Marcin Erdmann

Groovy, Grails, Geb...

Using Remote Control plugin to log in into a Grails application with Spring Security backed authentication

In my previous post I wrote about how much I like using grey box testing as a technique for writing functional tests. One common scenario where you could use it is to log in into the application in your tests without having to go to the login page and filling the credentials every single time you need to test something that is available only to logged in users of your system.

Some people will argue that you shouldn't be logging in for every single test that needs the user to be authenticated to be performed. They will use different ways not to have to do so like stepwise Spock specifications or not clearing cookies between tests. But I don't agree with that and I'm happy to pay the price of that little bit of overhead. By starting every single tests from always the same, clear, consistent state, setting up all prerequisites and then clearing cookies and your database afterwards you avoid test bleed which is often hard to track and can lead to flakey tests.

On the other hand it doesn't mean that you shouldn't be smart about the way you're setting up your tests to save time. Not going through the frontend every single time but logging in programmatically is one way to achieve it. A thing to remember here is that because you're not testing it indirectly when using this technique you should always have a test that verifies that authenticating using the frontend works as expected.

The most popular Grails authentication plugin is Spring Security Core Plugin. All that you need to do to programmatically log in in a test into an application that is using Spring Security Core plugin is to authenticate and then drop a JSESSIONID cookie in your browser:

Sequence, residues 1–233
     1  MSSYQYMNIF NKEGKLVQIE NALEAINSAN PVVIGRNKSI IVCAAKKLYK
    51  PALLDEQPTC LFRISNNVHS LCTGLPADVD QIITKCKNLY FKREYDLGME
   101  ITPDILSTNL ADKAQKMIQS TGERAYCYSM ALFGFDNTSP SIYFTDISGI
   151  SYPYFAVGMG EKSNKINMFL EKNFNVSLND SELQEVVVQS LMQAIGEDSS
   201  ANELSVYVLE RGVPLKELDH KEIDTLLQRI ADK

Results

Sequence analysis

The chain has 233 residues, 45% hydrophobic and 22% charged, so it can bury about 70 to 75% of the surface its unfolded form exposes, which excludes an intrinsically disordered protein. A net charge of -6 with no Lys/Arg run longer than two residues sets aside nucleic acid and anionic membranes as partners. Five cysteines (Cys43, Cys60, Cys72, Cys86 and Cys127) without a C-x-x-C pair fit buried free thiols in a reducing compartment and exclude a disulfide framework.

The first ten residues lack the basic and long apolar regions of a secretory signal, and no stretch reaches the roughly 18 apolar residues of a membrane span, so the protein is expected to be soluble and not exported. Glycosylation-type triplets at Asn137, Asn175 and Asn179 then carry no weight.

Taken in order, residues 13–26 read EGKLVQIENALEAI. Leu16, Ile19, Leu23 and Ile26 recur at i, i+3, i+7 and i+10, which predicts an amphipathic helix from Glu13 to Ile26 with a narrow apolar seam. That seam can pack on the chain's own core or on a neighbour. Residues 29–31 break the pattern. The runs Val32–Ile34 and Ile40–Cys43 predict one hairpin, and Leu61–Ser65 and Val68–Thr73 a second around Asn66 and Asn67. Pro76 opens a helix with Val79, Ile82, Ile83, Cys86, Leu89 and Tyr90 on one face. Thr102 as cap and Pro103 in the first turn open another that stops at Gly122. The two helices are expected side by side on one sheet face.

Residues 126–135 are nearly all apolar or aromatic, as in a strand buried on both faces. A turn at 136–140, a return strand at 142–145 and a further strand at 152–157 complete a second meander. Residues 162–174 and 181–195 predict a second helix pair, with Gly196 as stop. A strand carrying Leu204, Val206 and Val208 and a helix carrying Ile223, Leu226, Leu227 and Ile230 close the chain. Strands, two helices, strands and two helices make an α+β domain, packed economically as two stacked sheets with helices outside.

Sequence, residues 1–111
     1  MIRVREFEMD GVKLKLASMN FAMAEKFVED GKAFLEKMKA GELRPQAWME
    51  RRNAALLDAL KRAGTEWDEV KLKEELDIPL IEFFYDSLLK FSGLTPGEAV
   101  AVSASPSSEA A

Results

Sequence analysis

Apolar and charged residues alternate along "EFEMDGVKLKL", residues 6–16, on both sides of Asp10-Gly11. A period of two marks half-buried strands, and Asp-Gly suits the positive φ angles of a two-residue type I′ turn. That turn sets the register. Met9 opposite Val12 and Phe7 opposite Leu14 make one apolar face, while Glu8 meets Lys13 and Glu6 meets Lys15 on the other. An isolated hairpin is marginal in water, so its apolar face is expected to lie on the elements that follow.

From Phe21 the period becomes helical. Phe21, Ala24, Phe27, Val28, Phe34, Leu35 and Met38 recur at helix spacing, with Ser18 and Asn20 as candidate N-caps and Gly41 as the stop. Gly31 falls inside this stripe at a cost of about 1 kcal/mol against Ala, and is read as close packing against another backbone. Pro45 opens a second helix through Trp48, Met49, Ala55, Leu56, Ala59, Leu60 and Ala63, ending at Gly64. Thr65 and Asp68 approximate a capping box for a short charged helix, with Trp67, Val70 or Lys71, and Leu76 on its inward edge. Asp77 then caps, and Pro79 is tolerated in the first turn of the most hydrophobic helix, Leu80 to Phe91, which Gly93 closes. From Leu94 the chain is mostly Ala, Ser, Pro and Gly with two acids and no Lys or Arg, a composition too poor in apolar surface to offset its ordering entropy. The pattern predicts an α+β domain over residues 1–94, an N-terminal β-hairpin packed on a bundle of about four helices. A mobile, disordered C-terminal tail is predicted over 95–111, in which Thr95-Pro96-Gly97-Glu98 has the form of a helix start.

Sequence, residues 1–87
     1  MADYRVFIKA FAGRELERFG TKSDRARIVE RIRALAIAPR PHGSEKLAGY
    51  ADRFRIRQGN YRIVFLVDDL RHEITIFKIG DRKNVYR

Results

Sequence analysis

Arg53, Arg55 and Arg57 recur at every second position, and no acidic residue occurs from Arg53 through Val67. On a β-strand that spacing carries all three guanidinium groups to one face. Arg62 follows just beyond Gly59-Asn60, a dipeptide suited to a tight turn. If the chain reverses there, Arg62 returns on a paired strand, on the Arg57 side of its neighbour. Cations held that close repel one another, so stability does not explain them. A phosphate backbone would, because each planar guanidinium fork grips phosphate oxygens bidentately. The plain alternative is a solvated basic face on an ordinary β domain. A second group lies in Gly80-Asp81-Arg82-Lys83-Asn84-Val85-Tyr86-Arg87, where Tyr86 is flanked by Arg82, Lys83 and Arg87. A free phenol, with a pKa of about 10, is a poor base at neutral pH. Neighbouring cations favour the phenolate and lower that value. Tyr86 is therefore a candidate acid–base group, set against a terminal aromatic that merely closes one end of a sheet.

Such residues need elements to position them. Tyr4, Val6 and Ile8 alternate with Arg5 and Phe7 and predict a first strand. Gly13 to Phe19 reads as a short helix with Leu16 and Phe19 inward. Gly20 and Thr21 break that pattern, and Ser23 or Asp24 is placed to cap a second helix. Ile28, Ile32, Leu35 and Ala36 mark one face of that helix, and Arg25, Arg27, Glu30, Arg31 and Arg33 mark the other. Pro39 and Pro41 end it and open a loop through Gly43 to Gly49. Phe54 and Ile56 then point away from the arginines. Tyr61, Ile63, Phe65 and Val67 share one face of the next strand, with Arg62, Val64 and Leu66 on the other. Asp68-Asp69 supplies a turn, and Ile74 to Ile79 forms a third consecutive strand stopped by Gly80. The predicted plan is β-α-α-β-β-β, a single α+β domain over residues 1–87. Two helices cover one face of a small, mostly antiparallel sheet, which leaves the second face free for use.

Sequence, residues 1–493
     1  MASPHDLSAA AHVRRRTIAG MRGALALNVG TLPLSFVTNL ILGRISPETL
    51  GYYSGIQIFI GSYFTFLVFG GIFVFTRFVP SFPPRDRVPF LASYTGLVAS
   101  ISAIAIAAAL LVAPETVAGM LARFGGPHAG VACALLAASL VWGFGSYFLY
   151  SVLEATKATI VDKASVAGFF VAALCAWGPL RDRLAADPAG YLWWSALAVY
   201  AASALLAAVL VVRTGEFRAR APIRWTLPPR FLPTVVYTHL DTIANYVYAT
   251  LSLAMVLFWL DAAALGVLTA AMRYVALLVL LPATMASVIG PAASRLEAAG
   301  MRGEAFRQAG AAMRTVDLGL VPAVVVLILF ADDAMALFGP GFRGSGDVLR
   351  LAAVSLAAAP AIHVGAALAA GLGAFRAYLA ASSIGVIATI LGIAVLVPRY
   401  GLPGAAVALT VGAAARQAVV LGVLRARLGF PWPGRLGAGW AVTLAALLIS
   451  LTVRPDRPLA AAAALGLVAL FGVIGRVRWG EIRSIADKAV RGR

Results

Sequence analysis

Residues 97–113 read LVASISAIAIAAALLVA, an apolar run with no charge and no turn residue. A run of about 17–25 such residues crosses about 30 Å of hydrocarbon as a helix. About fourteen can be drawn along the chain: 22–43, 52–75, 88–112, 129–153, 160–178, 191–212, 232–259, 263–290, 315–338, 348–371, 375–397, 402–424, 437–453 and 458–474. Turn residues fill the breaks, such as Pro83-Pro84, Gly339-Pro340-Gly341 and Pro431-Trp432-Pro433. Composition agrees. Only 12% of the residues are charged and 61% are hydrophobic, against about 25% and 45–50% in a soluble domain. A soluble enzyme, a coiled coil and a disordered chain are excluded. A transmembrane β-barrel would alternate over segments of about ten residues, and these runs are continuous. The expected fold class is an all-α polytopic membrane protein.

class AuthenticatedSpec extends GebSpec {

    RemoteControl remote = new RemoteControl()

    void setup() {
        def sessionId = remote {
            ctx.springSecurityService.reauthenticate('user', 'password')
            RequestContextHolder.requestAttributes.request.session.id
        }

        if (!driver.currentUrl.startsWith(config.baseUrl)) {
            to LoginPage
        }

        driver.manage().addCookie(new Cookie('JSESSIONID', sessionId))
    }
}

Thanks to the fact that we have access to main application context in remote control closures (via ctx) we can retrieve the springSecurityService bean and call reauthenticate() on it as suggested by Burt Beckwith in this post. Session id can be retrieved from RequestContextHolder. Finally, we make sure before dropping the cookie that the browser is pointing at the tested domain as it won't allow you to drop a cookie for a domain that it's not pointing at - this will only be the case for the first test or if a test ends up outside of the domain you're testing.